There's something cool going on there for just the next few days. And if you've bought an Amazon Kindle or a Sony Reader--or just like to read e-books on your laptop, cell phone, or other system--you'll want to scoot right over to the "Freebies Bonanza" page. [Update-- this content is no longer available.]
I left my Kindle on a flight into SFO on Monday night, and unfortunately it doesn't appear that I'll be getting it back. After a two-hour delay to my flight, I think I was a bit brain-dead by the time we touched down, causing me to leave it sitting in my seat.
Feel free to contribute to the "Give a Blogger a Kindle" fund. Just hit "refresh" on this page 1,000,000 times today and my check from CNET should cover a new Kindle. :-)
Seriously, I'm really bummed. It was proving … Read more
Two new Kindle models are expected to be available on Amazon.com in time for the holiday shipping season, with the first coming as early as October, an "insider" tells CrunchGear.
The first model will be an update of the current e-book reader, with the same screen size and an improved interface, according to the tipster. The source told CrunchGear that Amazon has "skipped three or four generations" with the update.
The second new model will be considerably larger, shaped like an 8.5-inch by 11-inch piece of paper, and is expected to be available next … Read more
I've become a big fan of the Kindle in a short time. I don't care about its wireless capabilities - downloading updates to blogs is a waste given that I don't like to read blogs unless I'm in an immediate position to comment on them, and the ability to buy directly from the device is not an earth-shattering advancement - and I find its menu interface a bit clunky.
No, what I really like about the Kindle is the reading experience. It's wonderful. The only thing missing is a backlight for reading in low-light conditions, but it's already better than reading a physical book because the screen is comforting to view and the weight/feel of the product is exceptional.
None of which matters, however, without good content. This is where my open-source experiment comes in.
This week I tried downloading Jane Austen's Northanger Abbey from Project Gutenberg. Because the Kindle easily can read .txt, .pdf (i.e., PDF can be converted into a supported format), and other file formats, it's easy to get free content like Northanger Abbey into the Kindle.
The problem, however, is what happens once it's there.… Read more
Google taps ‘Family Guy’ guy for Web series … Read more
Another prestigious school is embracing Amazon's Kindle e-reader.
Princeton University has announced that it will start printing Kindle-edition textbooks this fall, according to a story in The Christian Science Monitor.
Princeton follows Yale, Oxford, and UC Berkeley in creating textbooks for the Kindle. In the United States, there are about 2,500 four-year universities, so Amazon still has a long way to go.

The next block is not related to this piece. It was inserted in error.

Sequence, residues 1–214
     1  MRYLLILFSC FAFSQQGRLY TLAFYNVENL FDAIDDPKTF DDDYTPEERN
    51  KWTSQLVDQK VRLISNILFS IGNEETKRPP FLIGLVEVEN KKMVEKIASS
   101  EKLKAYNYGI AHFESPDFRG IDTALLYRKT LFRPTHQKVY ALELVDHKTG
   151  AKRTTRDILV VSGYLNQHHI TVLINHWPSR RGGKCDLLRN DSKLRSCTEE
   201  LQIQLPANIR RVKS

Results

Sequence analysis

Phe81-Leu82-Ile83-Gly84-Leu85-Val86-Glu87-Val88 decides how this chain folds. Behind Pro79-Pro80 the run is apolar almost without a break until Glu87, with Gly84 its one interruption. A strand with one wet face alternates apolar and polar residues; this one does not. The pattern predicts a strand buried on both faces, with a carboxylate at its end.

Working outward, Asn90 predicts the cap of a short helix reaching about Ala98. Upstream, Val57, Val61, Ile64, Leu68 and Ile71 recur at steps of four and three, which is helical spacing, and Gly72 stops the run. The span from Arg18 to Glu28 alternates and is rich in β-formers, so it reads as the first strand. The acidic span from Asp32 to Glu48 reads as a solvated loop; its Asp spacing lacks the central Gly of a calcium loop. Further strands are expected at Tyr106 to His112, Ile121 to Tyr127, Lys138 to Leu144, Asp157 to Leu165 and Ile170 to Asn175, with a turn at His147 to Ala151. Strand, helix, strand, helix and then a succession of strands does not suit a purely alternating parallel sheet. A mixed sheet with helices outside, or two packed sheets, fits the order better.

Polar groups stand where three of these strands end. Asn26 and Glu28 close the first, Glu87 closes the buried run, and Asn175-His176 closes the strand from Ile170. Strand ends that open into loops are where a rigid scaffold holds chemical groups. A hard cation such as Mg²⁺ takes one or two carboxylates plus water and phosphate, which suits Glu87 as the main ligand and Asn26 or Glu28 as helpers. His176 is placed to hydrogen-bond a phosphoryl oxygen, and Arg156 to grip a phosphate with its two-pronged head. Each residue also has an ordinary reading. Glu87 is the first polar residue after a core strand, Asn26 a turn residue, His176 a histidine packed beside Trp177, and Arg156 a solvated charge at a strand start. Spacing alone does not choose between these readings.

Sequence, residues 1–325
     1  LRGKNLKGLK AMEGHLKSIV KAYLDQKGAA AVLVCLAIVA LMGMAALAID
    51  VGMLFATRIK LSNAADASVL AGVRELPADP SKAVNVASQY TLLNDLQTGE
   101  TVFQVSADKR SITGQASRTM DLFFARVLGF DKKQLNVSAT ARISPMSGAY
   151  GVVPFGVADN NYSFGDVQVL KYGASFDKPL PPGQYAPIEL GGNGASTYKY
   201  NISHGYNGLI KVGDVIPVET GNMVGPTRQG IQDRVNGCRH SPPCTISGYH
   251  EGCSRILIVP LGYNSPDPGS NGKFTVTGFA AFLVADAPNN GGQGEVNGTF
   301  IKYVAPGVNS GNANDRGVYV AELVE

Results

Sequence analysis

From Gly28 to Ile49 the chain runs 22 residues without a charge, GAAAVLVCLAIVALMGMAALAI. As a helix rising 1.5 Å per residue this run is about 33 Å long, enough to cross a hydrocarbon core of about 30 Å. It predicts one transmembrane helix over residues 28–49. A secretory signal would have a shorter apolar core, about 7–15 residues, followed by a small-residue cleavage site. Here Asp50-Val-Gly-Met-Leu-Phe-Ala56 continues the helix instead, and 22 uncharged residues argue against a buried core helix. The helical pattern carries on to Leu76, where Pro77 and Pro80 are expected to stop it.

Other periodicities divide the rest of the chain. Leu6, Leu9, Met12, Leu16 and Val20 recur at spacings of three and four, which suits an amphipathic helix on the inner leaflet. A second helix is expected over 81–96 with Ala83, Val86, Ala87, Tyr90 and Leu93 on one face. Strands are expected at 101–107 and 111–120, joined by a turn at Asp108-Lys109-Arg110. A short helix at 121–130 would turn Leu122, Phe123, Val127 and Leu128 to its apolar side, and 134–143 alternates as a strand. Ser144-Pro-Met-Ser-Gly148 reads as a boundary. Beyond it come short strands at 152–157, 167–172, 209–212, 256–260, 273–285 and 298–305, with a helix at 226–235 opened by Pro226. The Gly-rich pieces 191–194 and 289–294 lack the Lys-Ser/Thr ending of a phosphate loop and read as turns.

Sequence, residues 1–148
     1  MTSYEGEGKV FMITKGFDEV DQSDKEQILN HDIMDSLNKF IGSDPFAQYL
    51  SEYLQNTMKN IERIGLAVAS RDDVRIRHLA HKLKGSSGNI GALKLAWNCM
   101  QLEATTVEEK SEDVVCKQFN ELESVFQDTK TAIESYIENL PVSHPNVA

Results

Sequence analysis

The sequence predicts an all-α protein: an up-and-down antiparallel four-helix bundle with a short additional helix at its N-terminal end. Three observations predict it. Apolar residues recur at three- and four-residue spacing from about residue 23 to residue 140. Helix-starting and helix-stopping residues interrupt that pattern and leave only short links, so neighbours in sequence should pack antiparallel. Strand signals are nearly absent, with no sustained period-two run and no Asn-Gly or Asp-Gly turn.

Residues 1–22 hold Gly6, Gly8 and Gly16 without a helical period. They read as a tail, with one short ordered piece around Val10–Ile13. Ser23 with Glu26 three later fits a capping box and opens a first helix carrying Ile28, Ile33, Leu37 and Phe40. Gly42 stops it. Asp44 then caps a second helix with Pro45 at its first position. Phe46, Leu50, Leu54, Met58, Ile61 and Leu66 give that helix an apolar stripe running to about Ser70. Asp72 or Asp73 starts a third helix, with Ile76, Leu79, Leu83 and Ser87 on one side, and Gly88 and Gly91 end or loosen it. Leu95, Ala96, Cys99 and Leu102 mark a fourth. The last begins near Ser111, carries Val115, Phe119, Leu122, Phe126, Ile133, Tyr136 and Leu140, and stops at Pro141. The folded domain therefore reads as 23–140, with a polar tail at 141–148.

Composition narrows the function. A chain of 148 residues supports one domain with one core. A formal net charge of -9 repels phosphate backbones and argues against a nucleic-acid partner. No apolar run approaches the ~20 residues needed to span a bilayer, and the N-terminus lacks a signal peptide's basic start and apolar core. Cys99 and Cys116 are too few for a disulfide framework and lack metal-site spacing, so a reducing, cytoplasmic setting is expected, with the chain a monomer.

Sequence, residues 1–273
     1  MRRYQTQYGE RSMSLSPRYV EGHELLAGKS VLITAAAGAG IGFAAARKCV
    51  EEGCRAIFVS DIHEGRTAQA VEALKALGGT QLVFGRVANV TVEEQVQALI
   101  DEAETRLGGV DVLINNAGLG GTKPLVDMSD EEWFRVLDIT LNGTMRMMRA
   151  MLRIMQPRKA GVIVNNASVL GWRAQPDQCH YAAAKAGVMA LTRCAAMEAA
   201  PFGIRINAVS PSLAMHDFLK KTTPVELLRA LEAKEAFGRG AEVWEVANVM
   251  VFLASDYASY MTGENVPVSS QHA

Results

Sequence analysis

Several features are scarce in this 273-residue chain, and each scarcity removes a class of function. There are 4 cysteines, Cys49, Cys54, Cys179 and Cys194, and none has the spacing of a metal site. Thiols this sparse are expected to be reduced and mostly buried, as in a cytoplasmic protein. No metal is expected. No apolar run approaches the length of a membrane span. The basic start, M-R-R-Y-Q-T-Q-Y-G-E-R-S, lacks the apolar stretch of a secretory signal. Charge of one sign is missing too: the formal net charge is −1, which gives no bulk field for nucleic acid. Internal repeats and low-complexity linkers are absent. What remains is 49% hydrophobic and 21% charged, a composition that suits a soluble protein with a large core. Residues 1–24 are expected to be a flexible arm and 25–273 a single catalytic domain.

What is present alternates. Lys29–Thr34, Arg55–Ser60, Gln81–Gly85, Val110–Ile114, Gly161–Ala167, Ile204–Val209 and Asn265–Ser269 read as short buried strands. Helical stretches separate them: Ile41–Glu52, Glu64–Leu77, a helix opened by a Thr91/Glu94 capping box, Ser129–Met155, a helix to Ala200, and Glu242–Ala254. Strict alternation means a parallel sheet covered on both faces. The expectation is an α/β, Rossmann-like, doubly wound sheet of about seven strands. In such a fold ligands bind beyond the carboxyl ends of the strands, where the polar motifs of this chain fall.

But the Kindle should appeal to university students better than other demographics.
I wanted a Kindle. I was ready to buy a Kindle. The iPhone spoiled everything.
I'm an avid reader of digital books and for months I had my eye on the Kindle, the digital reader from Amazon, with its high-contrast screen and PC-less book downloads. Then Apple announced that the iPhone 3G goes on sale July 11.
I'm now in second-guess hell.
I know Apple has said nothing about offering an e-reading application for the new iPhone. But what happens if Steve Jobs later surprises us or some developer turns the iPhone into a whiz-bang electronic reader? I'… Read more
I was planning to write about how much I'm loving the Amazon Kindle. I got one to try to consolidate some of the weight and clutter I routinely carry with me on trips in the form of books/magazines/newspapers, and spent several hours on my Cincinnati to London flight absolutely loving the device.
The wireless connectivity and other technological features of the Kindle are nice, but that's not where it shines, in my view. No, it's the feel of the Kindle that is amazing. I read for hours, surprised by how well it rested in my hands and by the exceptional display.
Well, the display was "exceptional" until it stopped working. I got to my hotel an hour ago and, since I couldn't yet check in, decided to open up the Kindle to read. Despite having used it just two hours ago on the train into London, and having done absolutely nothing that could have physically impacted the screen (Rode in a taxi? Checked in at my hotel? The Kindle was safely protected in my bag all the while...), the screen is apparently dead.… Read more
I have just read Nicholas Carr's Atlantic Monthly article "Is Google Making Us Stupid?"
Actually, I skimmed it.
But his thesis is a very worrying one. (As many of his theses are.)
He fears that his constant Googling and other triflings on the web are altering the way his brain functions.
He is unable to read anything of length. Like a thrice-married ogler in a bar, he feels his eyes are constantly skimming salient facts rather than mellifluous prose. His friends have given up hope of ever reading "War and Peace."
I want to save … Read more
CARLSBAD, Calif.--Amazon.com founder and CEO Jeff Bezos kicked off the morning proceedings here at D6 after a night of polite carousing by industry luminaries. During the interview with D co-host Walt Mossberg, Bezos announced a streaming-video service and explained his foray into hardware with the Kindle e-book reader.
On the subject of video and music delivery, Bezos said, "We are working on a new version of video-on-demand, a for-pay streaming service we will release in the next couple of weeks. The streaming service will start instantly, and it's a la carte, for pay."
Regarding competing … Read more